But why doesn't God destroy all evil and prevent its returning?
He could, of course, but in so doing He would be destroying morally free creatures. And God could have created a world in which evil was impossible; but then He would have to have created a world without morally free creatures. The only alternative to a morally good world that contains evil is not a morally good world that contains no evil but a morally neutral world that contains neither good nor evil. Such a world, of course, wouldn't contain us. So which do you prefer: a world that contains you, or a world that doesn't?
A world that contains me. I see your point. I guess God and evil are compatible. But just why would God have permitted evil? What purpose is there in it?
First of course it was the only way to create a morally good world. But what was His purpose for evil? Christians believe evil serves a number of purposes, all consistent with God's plan for the world and, especially, for individual people.
One purpose is to occasion certain moral goods that could never come about without evil. One can never forgive someone without someone's doing something evil, right? Forgiveness is one of the highest moral goods, but it is a moral good that could never come about without evil. One could not have mercy without someone's doing something evil that deserved punishment. One cannot have compassion for those who suffer without someone's suffering, and compassion is also a very high virtue. These and other goods all depend for their existence and expression on the existence of evil. So God permits evil in part so that greater goods can occur than could ever occur without it.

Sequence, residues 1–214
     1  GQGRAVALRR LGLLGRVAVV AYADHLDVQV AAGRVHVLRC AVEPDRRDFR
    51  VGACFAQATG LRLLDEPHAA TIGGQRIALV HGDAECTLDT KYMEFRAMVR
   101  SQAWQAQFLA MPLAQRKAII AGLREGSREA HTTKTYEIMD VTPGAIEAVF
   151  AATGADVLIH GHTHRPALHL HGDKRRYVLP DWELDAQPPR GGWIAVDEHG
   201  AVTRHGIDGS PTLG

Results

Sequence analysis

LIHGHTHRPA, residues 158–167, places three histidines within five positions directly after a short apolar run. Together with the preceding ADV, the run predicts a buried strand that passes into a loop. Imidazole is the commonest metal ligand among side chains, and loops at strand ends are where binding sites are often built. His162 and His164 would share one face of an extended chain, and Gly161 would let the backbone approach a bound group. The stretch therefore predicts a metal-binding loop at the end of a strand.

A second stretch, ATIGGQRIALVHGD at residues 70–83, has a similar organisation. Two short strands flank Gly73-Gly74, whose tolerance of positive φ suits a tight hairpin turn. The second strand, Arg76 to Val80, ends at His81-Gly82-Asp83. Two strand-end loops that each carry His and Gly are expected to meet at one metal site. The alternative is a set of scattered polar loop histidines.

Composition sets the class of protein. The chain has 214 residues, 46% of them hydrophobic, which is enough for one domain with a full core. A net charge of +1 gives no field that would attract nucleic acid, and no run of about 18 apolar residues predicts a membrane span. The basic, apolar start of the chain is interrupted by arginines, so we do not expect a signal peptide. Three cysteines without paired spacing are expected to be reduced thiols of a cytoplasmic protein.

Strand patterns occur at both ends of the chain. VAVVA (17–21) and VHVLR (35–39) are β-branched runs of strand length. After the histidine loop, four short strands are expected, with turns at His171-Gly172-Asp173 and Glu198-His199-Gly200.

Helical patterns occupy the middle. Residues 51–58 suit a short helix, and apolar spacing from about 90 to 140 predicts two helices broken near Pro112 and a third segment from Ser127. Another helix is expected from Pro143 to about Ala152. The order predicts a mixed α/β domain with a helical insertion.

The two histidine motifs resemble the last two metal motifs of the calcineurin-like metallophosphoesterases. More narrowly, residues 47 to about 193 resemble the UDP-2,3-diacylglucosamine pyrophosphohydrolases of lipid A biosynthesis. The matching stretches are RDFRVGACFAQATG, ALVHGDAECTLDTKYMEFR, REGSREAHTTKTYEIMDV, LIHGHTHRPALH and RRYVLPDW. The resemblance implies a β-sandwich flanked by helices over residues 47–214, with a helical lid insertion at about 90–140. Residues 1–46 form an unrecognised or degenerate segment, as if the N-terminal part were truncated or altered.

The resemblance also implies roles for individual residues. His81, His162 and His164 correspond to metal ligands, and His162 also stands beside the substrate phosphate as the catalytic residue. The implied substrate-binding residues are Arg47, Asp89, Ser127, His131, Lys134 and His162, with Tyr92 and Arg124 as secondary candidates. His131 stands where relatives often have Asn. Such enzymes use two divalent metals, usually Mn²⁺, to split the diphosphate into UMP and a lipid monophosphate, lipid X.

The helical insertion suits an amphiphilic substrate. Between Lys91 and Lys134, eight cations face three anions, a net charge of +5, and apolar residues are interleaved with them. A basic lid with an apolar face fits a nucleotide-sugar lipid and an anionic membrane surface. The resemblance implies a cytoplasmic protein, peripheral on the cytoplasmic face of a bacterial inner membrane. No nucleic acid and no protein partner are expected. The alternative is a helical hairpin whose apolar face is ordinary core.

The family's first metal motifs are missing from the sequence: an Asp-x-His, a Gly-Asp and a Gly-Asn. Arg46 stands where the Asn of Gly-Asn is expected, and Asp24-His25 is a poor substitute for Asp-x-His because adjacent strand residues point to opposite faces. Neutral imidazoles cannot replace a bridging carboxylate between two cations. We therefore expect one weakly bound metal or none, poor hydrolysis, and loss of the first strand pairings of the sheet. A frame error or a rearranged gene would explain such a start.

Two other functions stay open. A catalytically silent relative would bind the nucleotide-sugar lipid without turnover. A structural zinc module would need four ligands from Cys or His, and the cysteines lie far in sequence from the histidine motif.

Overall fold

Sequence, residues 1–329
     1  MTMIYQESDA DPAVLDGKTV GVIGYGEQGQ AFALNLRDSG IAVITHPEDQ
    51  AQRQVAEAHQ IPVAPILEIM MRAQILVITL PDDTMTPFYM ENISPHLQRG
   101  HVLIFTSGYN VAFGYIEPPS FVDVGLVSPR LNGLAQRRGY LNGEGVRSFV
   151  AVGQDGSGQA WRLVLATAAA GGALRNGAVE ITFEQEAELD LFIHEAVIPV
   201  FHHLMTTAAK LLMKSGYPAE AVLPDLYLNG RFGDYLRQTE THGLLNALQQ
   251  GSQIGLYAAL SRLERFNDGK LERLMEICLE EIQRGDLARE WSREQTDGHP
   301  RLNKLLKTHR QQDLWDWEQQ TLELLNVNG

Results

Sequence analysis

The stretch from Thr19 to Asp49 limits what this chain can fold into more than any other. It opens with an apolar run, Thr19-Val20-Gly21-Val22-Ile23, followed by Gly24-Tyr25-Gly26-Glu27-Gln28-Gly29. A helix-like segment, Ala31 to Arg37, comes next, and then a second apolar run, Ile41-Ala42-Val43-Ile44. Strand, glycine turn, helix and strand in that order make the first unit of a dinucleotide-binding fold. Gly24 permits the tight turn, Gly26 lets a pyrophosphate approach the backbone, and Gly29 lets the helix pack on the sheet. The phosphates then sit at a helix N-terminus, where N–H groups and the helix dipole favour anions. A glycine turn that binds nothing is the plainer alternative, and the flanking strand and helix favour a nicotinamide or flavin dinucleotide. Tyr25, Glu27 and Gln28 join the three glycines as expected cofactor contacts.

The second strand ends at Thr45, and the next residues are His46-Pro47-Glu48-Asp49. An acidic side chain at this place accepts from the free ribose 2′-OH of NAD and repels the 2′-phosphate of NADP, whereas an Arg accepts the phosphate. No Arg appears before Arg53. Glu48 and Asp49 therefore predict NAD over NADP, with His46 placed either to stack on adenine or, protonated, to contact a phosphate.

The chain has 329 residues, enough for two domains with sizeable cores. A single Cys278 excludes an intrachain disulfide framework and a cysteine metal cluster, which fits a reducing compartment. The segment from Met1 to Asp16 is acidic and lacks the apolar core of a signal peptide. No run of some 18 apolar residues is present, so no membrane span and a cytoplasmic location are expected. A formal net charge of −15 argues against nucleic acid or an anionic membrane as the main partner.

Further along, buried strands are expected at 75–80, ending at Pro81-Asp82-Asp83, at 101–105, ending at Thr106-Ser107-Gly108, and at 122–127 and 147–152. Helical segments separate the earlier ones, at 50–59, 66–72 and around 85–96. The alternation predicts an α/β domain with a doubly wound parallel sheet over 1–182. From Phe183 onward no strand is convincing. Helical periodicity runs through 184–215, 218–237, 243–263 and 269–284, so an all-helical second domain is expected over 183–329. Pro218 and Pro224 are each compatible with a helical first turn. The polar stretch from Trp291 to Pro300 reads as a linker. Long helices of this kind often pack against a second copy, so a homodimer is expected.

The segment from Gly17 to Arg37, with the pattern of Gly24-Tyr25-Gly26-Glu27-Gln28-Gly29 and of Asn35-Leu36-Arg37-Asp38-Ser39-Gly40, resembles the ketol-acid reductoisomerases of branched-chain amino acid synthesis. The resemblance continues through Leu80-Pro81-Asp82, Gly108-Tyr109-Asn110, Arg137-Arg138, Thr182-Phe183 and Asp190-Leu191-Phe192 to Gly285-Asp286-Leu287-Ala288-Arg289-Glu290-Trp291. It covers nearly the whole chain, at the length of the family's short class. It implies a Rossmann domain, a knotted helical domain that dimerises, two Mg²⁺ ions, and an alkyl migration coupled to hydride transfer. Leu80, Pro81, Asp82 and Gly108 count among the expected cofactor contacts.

Christianity says there is one even higher good that could never have occurred without evil: God's voluntary sacrifice of Himself to bear punishment for us. Think what kind of act gets the highest praise among men. Isn't it when someone voluntarily sacrifices his life in order to save the lives of others? Such self‑sacrifice is a tremendous good. The greatest such sacrifice was when God sacrificed His life in the Person of Jesus Christ to save the lives of all who believe in Jesus.
This doesn't make sense to me. Why was such a sacrifice necessary? What do you mean by God's having saved the lives of those who believe in Jesus? What did they need to be saved from?
They needed to be saved from two kinds of evil: sin and suffering. Christianity says all men are sinners-we all do evil. The possibility of our doing evil is entailed in our being morally free. The reality of it we see in our own lives and in the lives of others.
Justice requires that evil be punished. Punishment involves suffering. But suffering is a kind of evilan evil of one kind brought on by another. So the problem for God was how to satisfy the demands of His justice and, at the same time, to deliver people from suffering His punishment upon evil. This He did by becoming man in Jesus and then suffering for our sins in our place.